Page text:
"We sometimes, today, hear people talk about food and fuel and whether food is being used as a tool or a weapon or something. Again, historical context is important here. The United States, from time to time in the past, has used food as a weapon, has used food to leverage public policy, has used food to shape international policies and all. Some might recall the years of corn exports or grain exports as being good years. But, I think, others might more accurately recall that there was a lot of turmoil. Sometimes it caused a massive backup of those commodities into the U.S. market and a huge decline in their value. So, we've seen that kind of instability. And I think that's just one of the many reasons that many have embraced a policy that creates domestic demand for those commodities so that we're not having to rely on those sorts of uncertain international alliances. In that period of the 70s and 80s, compared to now, many of the countries with which the U.S. did business are called by different names today. So, it's international turmoil, literally, on a global level. It's not just a country or two. Clearly, it's now regions and the world as a whole.
     "So, to the extent the American farmer, the Nebraska farmer, would still be relying on the stability of world markets as their primary outlet for grain, I think we would continue to see very difficult times for agriculture. I'm convinced that the ethanol industry has helped to stabilize that industry. It certainly is not the answer. But it certainly has been an important part of why we see a little more stable period in agriculture today vs. the 70s and 80s…
     "Dr. William Scheller – who was the chemical engineering professor who coined the term gasohol in 1971 – spearheaded the 2.2 million mile on-road test of 10 percent ethanol blends from about 1972 through '76. He authored a series of reports over that period of time. He took into account altitude changes that ranged from our eastern part of the state to more than a mile-high altitude, to determine the effects in high-altitude areas. The fuel was used around the year. It was used in on-road applications. It was compared to gasoline, at the time. What was discovered at that point was that ethanol had a significant opportunity to reduce carbon monoxide emissions out of the tailpipe of automobiles. It was also an excellent replacement for lead which we understood at the time was a toxic additive being used in gasoline. We also understood that because of its very high octane rating, it could improve the combustion of that fuel and improve the emissions of the fuel, as well. So for a whole host of technical reasons, ethanol was viewed as a good motor fuel. Scheller and others went on to file a petition with the Environmental Protection Agency in 1978. By 1979, the Environmental Protection Agency had ruled that the 10 percent ethanol blend was "substantially similar" to gasoline. That passed the test that allowed it to be entered into the commercial marketplace.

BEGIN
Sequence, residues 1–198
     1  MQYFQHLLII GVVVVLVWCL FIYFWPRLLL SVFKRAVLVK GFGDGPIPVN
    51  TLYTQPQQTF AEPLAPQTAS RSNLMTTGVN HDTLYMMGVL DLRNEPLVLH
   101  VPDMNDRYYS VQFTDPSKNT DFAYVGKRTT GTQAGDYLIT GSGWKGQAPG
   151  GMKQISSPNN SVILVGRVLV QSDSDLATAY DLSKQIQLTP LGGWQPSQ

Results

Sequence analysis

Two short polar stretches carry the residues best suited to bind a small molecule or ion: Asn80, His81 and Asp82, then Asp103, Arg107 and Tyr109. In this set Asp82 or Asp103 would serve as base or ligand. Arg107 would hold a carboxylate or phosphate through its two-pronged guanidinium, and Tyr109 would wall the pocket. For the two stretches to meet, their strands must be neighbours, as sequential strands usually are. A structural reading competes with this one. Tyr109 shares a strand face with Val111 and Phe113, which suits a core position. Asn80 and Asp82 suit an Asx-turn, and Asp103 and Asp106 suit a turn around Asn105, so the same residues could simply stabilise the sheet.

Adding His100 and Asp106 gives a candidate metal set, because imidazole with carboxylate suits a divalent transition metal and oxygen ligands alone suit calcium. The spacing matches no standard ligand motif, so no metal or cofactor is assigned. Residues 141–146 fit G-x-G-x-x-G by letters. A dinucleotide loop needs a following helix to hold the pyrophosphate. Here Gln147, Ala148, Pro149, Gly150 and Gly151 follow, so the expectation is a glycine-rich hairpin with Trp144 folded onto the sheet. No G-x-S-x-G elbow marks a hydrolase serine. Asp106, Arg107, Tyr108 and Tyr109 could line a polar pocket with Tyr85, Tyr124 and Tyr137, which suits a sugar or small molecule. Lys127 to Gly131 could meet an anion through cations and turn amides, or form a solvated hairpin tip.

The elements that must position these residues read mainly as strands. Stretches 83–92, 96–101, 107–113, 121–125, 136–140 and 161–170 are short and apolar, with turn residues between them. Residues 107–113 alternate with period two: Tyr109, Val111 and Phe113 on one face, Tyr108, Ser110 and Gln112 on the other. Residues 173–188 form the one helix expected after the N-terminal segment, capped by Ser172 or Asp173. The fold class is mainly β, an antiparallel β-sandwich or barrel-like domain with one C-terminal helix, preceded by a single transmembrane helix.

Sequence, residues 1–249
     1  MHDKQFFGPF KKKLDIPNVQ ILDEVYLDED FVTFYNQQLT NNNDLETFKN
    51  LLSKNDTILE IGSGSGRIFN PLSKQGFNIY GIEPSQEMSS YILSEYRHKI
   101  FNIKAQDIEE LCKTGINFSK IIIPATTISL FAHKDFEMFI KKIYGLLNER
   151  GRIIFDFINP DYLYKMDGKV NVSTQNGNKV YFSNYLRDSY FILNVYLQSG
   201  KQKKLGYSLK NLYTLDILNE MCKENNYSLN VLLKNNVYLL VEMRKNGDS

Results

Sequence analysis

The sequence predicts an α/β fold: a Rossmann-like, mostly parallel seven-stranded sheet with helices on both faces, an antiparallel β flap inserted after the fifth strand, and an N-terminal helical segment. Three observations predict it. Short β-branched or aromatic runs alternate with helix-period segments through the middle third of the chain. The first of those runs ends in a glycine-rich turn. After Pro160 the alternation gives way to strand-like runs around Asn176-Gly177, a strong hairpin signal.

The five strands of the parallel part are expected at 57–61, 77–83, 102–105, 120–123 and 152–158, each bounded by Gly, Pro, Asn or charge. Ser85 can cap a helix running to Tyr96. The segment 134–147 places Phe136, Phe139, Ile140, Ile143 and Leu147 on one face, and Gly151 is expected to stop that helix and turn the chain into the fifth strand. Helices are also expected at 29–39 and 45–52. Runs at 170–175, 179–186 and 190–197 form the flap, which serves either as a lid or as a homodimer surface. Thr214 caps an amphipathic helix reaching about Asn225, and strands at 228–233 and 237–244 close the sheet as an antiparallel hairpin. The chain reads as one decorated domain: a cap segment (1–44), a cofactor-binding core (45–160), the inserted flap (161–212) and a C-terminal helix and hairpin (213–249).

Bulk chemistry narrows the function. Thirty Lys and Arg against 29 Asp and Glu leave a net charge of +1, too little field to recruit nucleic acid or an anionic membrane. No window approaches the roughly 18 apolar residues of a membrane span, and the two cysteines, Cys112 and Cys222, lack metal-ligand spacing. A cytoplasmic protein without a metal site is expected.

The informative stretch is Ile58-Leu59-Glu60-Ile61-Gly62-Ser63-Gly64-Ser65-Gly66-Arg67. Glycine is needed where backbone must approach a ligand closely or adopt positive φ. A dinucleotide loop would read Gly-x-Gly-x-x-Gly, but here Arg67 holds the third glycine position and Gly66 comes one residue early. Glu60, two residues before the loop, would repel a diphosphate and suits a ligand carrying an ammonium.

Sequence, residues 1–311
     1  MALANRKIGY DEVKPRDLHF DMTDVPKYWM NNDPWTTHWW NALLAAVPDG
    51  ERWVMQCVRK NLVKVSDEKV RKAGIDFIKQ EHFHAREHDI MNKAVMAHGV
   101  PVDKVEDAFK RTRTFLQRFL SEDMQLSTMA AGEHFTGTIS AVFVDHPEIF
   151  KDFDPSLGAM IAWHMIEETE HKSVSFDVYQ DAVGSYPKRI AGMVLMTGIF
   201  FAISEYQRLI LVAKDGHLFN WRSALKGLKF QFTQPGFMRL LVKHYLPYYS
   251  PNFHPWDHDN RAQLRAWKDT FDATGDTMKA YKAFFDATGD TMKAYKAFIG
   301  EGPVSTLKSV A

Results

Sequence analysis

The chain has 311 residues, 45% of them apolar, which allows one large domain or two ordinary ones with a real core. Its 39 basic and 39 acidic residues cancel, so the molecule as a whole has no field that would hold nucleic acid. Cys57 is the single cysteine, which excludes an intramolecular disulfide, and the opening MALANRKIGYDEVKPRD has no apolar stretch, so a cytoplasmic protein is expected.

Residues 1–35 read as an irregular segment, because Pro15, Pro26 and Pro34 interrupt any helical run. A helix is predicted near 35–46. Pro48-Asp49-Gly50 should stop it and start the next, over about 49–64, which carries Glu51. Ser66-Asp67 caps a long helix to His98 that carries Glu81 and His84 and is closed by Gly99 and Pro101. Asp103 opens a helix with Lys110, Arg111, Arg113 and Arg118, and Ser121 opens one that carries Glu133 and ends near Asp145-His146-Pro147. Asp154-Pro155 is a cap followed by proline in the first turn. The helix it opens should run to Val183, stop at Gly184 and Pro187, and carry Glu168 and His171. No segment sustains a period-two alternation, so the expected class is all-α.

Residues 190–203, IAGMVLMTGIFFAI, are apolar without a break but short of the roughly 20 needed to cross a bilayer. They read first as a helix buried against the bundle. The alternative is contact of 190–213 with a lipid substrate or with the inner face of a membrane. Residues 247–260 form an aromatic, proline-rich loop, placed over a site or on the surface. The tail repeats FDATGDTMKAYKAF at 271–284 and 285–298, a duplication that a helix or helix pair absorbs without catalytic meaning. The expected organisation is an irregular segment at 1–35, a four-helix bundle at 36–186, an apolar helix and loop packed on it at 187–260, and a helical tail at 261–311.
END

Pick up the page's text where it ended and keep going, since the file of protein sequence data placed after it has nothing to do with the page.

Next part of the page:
"In 1979, the federal government first enacted an incentive to encourage people to use it by lowering the tax rate on 10 percent ethanol blends so it would be competitive with unleaded gasoline. So, that really gave rise to the commercial use of ethanol at the time. And in large part, automakers embraced the fuel because they saw it putting less pressure on them from an emissions perspective. It quickly reduced the carbon monoxide levels in many of our most polluted cities. And it had a number of other benefits in terms of reducing some of the precursors to ozone that come from the tailpipe of automobiles as well."

Todd Sneller – Afghan Boycott & Ethanol


Excerpts from Todd Sneller’s Interview:

The Bust of the 80s
New Economic Development
Ethanol in Brazil
Alternative Ethanol Sources
Biofuel Obstacles
Environmental Laws & Agriculture
Mining Water